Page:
God considers it just to repay with affliction those who afflict you, and to grant relief to you who are afflicted . . . when the Lord Jesus is revealed from heaven with his mighty angels in flaming fire, inflicting vengeance on those who do not know God and on those who do not obey the gospel of our Lord Jesus. (2 Thessalonians 1:6–8)
There will come a time when the patience of God is over. When God has seen his people suffer for the allotted time, and the appointed number of martyrs is complete (Revelation 6:11), then a just and holy vengeance will come from heaven.
Notice that God’s vengeance on those who have afflicted his people is experienced by us as “relief.” “God considers it just to repay with affliction those who afflict you, and to grant relief to you who are afflicted.” In other words, the judgment on “those who afflict” us is a form of grace toward us.
Perhaps the most remarkable picture of judgment as grace is the picture of Babylon’s destruction in Revelation 18. At her destruction, a great voice from heaven cries, “Rejoice over her, O heaven, and you saints and apostles and prophets, for God has given judgment for you against her!” (Revelation 18:20). Then a great multitude is heard saying, “Hallelujah! Salvation and glory and power belong to our God, for his judgments are true and just; for he has judged the great prostitute who corrupted the earth with her immorality, and has avenged on her the blood of his servants” (Revelation 19:1–2).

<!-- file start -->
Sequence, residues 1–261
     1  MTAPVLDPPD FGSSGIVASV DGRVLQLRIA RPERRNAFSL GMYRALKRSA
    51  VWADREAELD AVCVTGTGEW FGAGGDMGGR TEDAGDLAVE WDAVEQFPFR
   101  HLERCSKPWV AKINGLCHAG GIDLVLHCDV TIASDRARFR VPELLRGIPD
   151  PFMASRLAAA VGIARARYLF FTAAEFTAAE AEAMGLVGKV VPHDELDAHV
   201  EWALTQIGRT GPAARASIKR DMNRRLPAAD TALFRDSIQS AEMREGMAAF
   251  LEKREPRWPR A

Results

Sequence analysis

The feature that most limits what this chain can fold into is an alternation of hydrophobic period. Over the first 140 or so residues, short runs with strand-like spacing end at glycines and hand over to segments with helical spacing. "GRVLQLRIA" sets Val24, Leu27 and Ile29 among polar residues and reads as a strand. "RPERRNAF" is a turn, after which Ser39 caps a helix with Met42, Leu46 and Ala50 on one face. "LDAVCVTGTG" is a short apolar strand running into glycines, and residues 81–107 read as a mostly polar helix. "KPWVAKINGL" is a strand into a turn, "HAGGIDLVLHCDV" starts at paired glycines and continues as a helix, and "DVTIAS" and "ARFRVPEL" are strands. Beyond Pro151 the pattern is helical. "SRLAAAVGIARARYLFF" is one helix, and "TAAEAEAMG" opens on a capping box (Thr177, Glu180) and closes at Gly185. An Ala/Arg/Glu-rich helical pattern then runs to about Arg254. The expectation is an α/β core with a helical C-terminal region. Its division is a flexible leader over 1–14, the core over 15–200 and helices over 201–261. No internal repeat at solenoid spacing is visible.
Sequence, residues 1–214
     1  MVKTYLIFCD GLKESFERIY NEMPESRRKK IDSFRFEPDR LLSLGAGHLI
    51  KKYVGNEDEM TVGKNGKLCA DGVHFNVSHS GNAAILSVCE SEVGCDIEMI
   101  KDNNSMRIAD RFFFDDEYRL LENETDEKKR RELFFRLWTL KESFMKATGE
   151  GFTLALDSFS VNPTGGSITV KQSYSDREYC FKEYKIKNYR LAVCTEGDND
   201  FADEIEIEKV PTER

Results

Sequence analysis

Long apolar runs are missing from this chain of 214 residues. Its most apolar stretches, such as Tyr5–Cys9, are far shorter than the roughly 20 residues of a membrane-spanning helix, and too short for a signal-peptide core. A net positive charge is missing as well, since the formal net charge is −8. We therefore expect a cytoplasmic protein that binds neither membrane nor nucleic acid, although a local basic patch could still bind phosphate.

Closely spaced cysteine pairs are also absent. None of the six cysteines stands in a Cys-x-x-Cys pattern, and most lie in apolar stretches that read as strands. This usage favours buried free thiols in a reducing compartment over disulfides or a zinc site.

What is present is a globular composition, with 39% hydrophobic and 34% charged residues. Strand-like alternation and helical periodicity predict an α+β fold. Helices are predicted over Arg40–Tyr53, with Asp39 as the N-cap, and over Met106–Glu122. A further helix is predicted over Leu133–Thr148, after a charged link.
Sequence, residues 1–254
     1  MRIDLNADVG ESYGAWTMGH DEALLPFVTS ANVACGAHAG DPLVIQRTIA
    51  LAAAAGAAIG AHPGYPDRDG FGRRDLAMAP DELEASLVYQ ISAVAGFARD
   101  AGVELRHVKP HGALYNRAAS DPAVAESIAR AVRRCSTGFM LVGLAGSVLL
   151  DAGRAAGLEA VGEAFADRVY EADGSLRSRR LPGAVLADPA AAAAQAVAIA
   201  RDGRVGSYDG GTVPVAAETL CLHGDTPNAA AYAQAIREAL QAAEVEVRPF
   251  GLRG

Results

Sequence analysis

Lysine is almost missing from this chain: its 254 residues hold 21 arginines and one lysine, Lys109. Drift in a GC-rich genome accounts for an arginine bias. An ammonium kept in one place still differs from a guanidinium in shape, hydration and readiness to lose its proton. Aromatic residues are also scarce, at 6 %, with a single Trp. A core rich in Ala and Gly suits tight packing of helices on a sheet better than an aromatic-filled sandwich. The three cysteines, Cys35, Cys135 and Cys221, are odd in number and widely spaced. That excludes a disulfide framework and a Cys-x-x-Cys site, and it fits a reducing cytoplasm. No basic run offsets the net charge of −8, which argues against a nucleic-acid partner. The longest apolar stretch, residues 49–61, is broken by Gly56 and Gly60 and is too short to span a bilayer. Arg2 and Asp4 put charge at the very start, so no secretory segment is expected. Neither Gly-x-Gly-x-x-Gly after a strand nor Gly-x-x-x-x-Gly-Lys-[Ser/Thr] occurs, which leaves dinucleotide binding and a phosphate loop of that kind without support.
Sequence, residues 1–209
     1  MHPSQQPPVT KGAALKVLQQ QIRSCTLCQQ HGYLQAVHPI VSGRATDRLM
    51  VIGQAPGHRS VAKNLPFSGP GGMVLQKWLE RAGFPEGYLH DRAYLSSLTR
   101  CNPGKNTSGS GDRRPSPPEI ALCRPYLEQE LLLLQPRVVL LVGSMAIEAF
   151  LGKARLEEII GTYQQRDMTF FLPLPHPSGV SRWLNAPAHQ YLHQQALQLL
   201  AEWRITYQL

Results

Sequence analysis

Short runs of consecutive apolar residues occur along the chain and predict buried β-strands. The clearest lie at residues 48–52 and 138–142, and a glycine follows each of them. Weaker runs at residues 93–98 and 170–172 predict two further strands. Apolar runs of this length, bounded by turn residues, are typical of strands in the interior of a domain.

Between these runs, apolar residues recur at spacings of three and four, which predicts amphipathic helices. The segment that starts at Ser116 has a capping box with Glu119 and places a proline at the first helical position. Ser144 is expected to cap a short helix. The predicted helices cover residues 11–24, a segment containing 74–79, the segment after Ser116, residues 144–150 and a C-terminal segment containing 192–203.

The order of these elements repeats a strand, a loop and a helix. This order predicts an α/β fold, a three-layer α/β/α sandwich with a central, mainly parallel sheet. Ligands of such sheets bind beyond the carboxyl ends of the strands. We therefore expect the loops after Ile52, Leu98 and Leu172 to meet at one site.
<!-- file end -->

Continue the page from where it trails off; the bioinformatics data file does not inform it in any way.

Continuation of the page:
When God’s patience has run its long-suffering course, and this age is over, and judgment comes on the enemies of God’s people, the saints will not disapprove of God’s justice.
This means that the final destruction of the unrepentant will not be experienced as a misery for God’s people.
The unwillingness of others to repent will not hold the affections of the saints hostage. Hell will not be able to blackmail heaven into misery. God’s judgment will be approved, and the saints will experience the vindication of truth as a great grace.
By John Piper